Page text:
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Crete TOURnet: Home Guida di Creta Crete and Culture Traditional Cretan Dances and Dancing

Traditional Cretan Dances and Dancing

Cretan dance troupe
Cretan dance troupe
The Cretan dances have their roots as far back as Minoan Crete. In the Archaeological Museum of Iraklion one can see statues of dancing Minoans. The Cretan dances are often fast and war-like, many being danced by groups of men. They represent the elements of the fast-moving sea and the wild nature of the Cretan mountains. The dances involving women are more traditional wedding or courtship dances.
The best places to see authentic local dancing is the panigiria. There are also many organized exhibitions during the summer and it is easy to find one to attend.
The popular film Zorba the Greek has introduced the music of Crete to many people even before they visit the island. Later the visitor will be exposed to the Cretan music and dance either through organized folk exhibits, local celebrations (panigiria), weddings or baptisms. Music and dance are very much part of modern Crete’s celebrations, as they were in ancient times. The instruments and dance steps are, in some cases, thousands of years old. The traditional instruments and dances of Crete are learned, with enthusiasm by the children and thus, a vital link between generations is cultivated.
Cretan dancing is known for its vitality. A famous Cretan dance is the Pentozali. The Pentozali, danced throughout Crete, was done by armed warriors during ancient times. The rhythm is provided by a Cretan lyre and the dancers, holding hands, start dancing slowly in a circle. As the music quickens, so do the steps and the dance reaches a frenzy speed, ending suddenly when the lyre does.
Another well-known dance is the Syrtos. The Syrtos is lead by a dancer who skilfully and energetically leads the group. The leader provides the initiative for the dance and will do a variety of complicated steps, while being supported by the line of backup dancers, doing more mild steps.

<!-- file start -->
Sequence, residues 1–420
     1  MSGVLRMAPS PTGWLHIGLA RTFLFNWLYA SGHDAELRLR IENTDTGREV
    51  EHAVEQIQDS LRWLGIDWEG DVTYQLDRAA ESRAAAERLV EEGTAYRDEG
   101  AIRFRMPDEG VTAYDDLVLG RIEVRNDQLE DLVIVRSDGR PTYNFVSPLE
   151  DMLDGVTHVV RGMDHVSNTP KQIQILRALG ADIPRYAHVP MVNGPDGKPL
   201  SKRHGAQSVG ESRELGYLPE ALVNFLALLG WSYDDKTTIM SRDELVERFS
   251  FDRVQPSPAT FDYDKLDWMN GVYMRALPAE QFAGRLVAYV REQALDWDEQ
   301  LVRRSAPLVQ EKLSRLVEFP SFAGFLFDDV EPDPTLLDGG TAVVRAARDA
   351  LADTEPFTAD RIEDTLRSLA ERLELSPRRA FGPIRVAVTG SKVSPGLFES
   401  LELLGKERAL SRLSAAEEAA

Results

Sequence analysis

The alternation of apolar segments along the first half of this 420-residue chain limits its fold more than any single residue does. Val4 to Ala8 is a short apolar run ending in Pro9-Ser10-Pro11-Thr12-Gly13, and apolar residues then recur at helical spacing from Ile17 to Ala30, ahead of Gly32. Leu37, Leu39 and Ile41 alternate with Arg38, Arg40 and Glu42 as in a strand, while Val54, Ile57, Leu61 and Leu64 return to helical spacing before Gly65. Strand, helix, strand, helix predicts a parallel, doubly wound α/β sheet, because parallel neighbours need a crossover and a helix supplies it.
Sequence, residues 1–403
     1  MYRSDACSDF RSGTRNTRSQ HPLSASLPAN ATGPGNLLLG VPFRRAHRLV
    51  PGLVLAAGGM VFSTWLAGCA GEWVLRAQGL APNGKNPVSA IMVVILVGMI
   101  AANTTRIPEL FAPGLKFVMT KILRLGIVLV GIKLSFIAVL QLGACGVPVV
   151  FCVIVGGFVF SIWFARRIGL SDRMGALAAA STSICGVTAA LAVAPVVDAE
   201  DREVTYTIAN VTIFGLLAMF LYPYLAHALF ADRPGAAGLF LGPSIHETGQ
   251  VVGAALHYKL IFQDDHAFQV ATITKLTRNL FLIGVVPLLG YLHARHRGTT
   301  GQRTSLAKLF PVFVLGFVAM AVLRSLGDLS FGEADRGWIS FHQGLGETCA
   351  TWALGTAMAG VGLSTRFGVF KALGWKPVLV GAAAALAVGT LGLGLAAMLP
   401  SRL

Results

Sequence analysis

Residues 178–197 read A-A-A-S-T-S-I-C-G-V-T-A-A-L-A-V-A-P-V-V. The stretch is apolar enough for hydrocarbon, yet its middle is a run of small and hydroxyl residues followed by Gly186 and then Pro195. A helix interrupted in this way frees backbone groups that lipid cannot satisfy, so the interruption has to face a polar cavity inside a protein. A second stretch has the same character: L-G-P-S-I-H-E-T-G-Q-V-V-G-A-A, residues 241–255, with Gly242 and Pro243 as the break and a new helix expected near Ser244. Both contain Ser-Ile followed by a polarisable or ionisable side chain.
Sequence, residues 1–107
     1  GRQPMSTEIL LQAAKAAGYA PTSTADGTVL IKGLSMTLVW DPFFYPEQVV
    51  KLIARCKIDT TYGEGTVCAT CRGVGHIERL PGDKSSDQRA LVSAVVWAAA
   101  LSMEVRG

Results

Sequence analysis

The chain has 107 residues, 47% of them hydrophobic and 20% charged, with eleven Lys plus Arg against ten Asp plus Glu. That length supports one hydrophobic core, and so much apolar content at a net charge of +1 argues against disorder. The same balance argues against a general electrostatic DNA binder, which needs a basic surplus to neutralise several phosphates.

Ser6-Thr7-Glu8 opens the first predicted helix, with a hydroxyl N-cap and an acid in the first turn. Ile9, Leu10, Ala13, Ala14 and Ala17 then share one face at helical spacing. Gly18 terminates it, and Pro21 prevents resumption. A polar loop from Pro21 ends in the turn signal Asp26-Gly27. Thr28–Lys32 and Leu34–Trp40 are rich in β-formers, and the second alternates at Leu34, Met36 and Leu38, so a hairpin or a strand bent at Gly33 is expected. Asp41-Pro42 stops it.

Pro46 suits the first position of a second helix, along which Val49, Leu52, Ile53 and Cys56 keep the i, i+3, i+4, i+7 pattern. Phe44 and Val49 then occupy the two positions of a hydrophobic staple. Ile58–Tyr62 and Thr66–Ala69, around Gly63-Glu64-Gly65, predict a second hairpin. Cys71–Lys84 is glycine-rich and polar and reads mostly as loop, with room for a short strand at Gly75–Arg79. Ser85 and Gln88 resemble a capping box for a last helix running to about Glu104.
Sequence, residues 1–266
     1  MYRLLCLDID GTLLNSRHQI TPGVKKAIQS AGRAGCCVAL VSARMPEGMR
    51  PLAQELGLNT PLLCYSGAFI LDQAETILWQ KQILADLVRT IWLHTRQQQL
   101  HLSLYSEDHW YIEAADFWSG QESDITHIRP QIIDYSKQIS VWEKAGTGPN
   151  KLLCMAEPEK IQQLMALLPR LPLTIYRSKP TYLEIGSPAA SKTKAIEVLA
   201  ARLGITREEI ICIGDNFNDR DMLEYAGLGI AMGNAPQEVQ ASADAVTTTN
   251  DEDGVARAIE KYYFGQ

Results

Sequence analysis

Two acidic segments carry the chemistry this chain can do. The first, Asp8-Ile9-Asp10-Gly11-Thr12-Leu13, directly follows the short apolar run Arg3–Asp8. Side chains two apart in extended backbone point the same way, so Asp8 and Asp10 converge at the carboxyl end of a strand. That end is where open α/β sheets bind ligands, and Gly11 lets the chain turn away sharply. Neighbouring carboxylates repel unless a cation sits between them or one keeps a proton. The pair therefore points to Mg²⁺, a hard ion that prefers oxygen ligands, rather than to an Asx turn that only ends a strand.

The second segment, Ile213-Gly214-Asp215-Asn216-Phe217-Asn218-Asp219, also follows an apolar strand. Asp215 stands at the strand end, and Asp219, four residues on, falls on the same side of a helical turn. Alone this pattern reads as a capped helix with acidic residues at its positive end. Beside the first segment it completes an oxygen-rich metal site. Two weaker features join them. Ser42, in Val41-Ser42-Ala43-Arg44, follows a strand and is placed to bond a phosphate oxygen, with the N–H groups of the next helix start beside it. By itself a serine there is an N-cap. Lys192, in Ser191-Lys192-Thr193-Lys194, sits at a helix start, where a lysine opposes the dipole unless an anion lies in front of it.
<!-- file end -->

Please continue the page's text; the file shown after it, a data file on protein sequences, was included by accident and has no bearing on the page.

The Sousta, a third well-know Cretan dance, is traditionally a courtship dance and therefore is performed by couples. Some historians believe that the Sousta derived from ancient Greek pyrric or war dances that mimicked battle manoeuvres. The name Sousta means spring and refers to the up and down movement of the dancers, who are moving with a bouncing motion on the balls of thier feet and with small light steps. A traditional form of the Sousta, the Roumatiani Sousta, is performed by men and is very pyrric in form.
The Pidikto is another famous Cretan dance performed throughout Crete. The pidikto is know as the fastest and wildest of the Cretan dances. The word pido comes from the ancient Greek word for leap or jump and this defines the dance. The leading male dancer will leap in the air, hitting his thigh and boots, supported only by a handkerchief held by the second dancer. As the lead dancer tires, another man replaces him, who seems intent on leaping higher and more often then the previous! The base of the music for the Pidikto is, of course, the Cretan lyre.

Foto di Traditional Cretan Dances and Dancing:


Kretan Dancerin
Kretan Dancerin
Cretan Dancer
Cretan Dancer
Cretan Night
Cretan Night
Cretan Dancer
Cretan Dancer
Cretan dance troupe
Cretan dance troupe
Cretan dance troupe
Cretan dance troupe